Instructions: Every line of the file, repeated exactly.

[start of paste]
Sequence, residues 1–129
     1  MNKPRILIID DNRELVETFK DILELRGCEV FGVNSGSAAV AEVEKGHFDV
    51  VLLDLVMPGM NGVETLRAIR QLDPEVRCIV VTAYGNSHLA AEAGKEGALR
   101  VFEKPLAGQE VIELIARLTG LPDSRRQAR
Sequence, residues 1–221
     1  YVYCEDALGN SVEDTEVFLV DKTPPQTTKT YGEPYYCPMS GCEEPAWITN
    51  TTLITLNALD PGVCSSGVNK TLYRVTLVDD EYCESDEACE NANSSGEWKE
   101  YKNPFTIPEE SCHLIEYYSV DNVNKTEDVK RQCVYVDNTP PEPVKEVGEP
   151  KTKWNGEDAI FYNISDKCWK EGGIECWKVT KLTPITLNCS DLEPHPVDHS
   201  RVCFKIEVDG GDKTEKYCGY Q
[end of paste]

Sequence, residues 1–129
     1  MNKPRILIID DNRELVETFK DILELRGCEV FGVNSGSAAV AEVEKGHFDV
    51  VLLDLVMPGM NGVETLRAIR QLDPEVRCIV VTAYGNSHLA AEAGKEGALR
   101  VFEKPLAGQE VIELIARLTG LPDSRRQAR
Sequence, residues 1–221
     1  YVYCEDALGN SVEDTEVFLV DKTPPQTTKT YGEPYYCPMS GCEEPAWITN
    51  TTLITLNALD PGVCSSGVNK TLYRVTLVDD EYCESDEACE NANSSGEWKE
   101  YKNPFTIPEE SCHLIEYYSV DNVNKTEDVK RQCVYVDNTP PEPVKEVGEP
   151  KTKWNGEDAI FYNISDKCWK EGGIECWKVT KLTPITLNCS DLEPHPVDHS
   201  RVCFKIEVDG GDKTEKYCGY Q